In just ten seconds, one kiss can transfer up to 80 million bacteria, according to a new study published in the journal Microbiome.
Partners who kiss up to nine times per day share the same communities of oral bacteria, according to the study.
"Interestingly, the current explanations for the function of intimate kissing in humans include an important role for the microbiota present in the oral cavity, although to our knowledge, the exact effects of intimate kissing on the oral microbiota have never been studied," says lead author Remco Kort, from the Netherlands Organization for Applied Scientific Research (TNO)'s Microbiology and Systems Biology department and adviser to the Micropia museum of microbes.
Kort and his colleagues worked with 21 couples who filled out questionnaires on their kissing behavior including their average frequency of intimate kissing.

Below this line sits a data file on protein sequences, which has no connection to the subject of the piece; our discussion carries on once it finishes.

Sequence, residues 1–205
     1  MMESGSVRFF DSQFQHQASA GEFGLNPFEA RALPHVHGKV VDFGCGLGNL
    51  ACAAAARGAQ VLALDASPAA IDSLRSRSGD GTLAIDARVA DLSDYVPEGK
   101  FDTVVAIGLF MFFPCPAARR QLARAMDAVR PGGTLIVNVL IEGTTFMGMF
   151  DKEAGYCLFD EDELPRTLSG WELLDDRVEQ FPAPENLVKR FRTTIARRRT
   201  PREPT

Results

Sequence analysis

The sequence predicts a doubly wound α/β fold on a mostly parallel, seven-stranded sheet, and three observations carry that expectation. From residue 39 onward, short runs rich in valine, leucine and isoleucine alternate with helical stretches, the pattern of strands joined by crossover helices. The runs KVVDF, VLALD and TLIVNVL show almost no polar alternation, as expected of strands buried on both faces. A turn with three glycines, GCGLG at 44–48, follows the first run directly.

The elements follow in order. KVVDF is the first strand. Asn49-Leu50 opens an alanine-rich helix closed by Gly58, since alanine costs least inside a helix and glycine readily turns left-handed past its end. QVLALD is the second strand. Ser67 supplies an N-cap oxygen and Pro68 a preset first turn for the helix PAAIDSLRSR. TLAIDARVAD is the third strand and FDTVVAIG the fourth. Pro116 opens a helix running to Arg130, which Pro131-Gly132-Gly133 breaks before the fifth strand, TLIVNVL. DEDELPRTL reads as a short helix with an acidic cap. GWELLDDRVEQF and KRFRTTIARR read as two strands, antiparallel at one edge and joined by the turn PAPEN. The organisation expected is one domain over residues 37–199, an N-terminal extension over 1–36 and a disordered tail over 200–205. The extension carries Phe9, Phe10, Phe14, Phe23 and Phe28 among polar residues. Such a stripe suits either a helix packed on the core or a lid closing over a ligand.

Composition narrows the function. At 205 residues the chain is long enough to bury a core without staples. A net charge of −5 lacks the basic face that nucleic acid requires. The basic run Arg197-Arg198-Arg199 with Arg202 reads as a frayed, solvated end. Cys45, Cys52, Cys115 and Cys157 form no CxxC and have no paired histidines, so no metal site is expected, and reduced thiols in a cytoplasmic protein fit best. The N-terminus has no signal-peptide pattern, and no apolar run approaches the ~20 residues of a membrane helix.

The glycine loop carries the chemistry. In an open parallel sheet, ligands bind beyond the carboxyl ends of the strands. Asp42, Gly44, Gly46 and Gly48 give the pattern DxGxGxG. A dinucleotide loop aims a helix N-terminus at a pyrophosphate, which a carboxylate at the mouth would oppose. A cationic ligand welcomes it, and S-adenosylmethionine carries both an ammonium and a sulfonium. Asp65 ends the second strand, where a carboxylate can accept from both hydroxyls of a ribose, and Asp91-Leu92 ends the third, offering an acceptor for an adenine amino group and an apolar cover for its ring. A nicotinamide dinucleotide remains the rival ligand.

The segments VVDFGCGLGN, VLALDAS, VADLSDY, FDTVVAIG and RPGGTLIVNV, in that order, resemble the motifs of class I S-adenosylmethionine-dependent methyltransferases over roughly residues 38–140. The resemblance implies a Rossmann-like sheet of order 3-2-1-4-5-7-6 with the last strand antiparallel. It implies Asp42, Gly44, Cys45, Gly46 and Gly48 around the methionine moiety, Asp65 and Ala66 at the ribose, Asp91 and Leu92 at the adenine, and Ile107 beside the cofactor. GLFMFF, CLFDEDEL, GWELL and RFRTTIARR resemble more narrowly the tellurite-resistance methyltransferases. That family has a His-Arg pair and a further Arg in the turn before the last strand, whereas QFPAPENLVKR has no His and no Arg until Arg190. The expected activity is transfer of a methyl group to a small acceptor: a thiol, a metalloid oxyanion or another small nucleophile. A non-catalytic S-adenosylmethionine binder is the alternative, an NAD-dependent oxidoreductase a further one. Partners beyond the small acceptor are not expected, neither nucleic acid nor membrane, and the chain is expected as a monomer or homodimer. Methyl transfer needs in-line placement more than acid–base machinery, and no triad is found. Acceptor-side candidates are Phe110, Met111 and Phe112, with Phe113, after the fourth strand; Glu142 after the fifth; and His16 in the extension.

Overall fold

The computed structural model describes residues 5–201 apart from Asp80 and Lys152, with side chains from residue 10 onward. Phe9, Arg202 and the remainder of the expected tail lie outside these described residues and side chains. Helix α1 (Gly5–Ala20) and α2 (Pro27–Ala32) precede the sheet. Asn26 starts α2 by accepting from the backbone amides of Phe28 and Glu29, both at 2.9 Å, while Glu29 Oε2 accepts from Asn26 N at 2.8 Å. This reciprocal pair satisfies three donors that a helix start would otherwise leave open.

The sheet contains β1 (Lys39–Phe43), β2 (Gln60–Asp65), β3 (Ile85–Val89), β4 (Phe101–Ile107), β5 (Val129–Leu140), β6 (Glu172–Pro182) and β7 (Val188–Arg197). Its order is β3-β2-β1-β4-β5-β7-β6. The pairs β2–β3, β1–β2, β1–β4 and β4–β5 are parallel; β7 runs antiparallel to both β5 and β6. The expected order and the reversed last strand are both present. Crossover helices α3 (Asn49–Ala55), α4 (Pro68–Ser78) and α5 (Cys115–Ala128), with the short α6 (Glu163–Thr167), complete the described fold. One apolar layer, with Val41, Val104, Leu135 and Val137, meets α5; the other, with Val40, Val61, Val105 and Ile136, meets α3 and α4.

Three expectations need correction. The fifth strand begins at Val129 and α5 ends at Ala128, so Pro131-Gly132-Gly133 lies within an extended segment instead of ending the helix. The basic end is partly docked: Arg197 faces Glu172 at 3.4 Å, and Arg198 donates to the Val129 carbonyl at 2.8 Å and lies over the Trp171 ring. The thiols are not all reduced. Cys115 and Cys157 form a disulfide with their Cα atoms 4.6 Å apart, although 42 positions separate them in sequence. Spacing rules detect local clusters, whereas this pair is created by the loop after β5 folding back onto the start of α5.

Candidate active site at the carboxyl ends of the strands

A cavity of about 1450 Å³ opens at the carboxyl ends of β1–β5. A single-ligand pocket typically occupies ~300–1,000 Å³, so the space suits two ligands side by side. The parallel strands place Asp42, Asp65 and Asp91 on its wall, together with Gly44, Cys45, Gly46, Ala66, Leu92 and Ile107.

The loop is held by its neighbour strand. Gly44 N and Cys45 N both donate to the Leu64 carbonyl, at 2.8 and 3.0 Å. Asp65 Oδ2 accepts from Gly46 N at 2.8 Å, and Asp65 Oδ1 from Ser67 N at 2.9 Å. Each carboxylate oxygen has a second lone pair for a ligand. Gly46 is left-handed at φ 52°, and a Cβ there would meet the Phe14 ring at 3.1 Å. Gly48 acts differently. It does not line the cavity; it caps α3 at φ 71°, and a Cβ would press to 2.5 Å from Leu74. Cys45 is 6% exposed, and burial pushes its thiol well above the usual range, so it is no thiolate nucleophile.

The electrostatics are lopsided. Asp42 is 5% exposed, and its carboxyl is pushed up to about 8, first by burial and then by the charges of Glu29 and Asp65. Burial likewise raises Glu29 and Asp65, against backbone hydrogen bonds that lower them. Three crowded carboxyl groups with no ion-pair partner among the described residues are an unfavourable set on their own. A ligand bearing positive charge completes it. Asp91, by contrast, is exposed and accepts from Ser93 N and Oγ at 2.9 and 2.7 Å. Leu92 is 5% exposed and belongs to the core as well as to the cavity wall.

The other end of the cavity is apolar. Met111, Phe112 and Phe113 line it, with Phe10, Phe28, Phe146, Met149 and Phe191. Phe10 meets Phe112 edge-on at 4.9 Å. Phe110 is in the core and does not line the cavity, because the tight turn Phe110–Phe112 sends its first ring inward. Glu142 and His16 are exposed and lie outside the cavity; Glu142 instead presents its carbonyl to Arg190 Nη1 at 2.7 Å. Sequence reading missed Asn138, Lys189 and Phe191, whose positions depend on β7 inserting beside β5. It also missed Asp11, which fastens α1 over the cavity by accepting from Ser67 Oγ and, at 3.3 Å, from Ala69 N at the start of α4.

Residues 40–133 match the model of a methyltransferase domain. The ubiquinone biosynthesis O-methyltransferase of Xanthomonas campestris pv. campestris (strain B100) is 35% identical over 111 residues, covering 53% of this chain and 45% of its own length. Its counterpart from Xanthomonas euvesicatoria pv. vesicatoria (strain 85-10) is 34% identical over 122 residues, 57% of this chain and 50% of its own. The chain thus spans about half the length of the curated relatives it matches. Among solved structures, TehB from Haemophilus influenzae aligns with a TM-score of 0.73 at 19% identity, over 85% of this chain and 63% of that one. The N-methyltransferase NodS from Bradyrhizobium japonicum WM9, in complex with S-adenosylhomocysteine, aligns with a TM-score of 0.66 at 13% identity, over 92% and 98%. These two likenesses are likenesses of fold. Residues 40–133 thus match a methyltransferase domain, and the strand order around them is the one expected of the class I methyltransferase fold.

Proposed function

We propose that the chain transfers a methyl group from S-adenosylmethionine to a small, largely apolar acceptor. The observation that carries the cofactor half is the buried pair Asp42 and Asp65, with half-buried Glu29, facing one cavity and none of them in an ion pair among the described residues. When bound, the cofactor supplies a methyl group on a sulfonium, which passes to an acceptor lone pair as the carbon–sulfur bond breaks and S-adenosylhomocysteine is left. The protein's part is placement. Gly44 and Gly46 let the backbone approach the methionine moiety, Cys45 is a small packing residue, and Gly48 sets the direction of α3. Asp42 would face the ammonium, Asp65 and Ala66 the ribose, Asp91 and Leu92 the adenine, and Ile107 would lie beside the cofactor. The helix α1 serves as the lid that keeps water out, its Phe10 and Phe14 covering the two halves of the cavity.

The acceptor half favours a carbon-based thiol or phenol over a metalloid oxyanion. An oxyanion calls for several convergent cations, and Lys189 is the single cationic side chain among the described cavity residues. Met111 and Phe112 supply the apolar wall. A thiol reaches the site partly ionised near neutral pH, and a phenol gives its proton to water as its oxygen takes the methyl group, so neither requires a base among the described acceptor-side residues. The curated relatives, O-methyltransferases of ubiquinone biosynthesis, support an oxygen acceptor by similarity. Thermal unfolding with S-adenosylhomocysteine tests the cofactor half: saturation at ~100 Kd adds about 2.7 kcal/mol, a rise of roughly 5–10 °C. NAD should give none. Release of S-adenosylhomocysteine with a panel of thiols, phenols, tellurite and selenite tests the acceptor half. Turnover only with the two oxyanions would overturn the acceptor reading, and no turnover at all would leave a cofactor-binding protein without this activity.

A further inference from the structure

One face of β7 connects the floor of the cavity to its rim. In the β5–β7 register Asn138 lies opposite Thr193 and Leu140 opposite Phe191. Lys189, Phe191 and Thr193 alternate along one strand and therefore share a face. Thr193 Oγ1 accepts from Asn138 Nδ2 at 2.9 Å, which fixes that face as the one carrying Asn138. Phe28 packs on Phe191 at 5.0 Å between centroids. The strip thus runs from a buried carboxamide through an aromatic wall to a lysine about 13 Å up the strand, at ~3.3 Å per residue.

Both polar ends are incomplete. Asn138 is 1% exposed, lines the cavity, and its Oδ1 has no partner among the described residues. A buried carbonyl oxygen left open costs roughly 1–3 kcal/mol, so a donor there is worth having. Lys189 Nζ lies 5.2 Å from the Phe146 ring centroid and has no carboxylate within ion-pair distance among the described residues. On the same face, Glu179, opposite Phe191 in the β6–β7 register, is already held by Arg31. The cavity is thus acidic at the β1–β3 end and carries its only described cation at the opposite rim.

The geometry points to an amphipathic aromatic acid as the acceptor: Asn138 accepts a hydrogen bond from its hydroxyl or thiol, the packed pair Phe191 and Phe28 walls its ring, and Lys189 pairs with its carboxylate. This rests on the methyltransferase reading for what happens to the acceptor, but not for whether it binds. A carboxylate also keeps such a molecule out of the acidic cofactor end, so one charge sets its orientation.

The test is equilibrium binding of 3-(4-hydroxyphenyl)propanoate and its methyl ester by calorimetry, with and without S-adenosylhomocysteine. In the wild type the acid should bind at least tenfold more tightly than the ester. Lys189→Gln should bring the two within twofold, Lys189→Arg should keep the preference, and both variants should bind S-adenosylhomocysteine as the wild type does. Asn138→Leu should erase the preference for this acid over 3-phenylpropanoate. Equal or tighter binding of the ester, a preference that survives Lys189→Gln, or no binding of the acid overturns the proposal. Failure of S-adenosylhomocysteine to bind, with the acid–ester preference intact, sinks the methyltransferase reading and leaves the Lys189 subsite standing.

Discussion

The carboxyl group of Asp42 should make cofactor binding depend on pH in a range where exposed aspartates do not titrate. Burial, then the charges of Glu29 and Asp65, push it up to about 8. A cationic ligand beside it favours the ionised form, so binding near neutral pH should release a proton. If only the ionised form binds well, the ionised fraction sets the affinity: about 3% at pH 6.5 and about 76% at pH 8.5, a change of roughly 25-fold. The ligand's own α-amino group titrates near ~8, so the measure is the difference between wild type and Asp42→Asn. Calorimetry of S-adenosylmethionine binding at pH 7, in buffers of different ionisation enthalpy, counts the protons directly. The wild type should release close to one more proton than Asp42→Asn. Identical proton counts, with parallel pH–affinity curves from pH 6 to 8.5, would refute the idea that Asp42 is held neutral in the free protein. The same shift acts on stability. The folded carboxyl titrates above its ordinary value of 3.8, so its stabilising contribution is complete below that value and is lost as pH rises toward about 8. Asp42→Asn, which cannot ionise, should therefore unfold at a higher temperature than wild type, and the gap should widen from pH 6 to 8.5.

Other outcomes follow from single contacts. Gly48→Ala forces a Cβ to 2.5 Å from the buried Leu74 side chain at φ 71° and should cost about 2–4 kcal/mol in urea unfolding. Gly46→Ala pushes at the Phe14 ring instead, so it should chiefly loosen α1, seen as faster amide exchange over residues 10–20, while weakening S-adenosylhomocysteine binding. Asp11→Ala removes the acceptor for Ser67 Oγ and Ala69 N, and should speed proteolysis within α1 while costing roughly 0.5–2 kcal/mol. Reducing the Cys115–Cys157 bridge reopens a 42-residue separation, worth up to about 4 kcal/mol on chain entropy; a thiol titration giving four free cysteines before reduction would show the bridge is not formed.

Participants' mouths were then swabbed, giving researchers the chance to investigate the composition of the microbiota living on the tongue and in the saliva.
In a kissing experiment to quantify the transfer of microbiota, one member from each couple consumed a probiotic drink containing species such as Lactobacillus and Bifidobacteria.
Participants were then asked to kiss, after which the receiver's saliva contained three times the probiotic bacteria that it had before the kiss, and researchers calculated that 80 million bacteria would have been transferred in 10 seconds of kissing.
Calculations were performed based on average transfer values and several assumptions related to bacterial transfer, kiss contact surface and the value for average saliva volume.
A surprising separate finding revealed that 74 percent of the men in the couples reported kissing more than their female partners.
On average, the males reported 10 kisses per day whereas the women reported only five.
The study was published in open-access format in the journal Microbiome.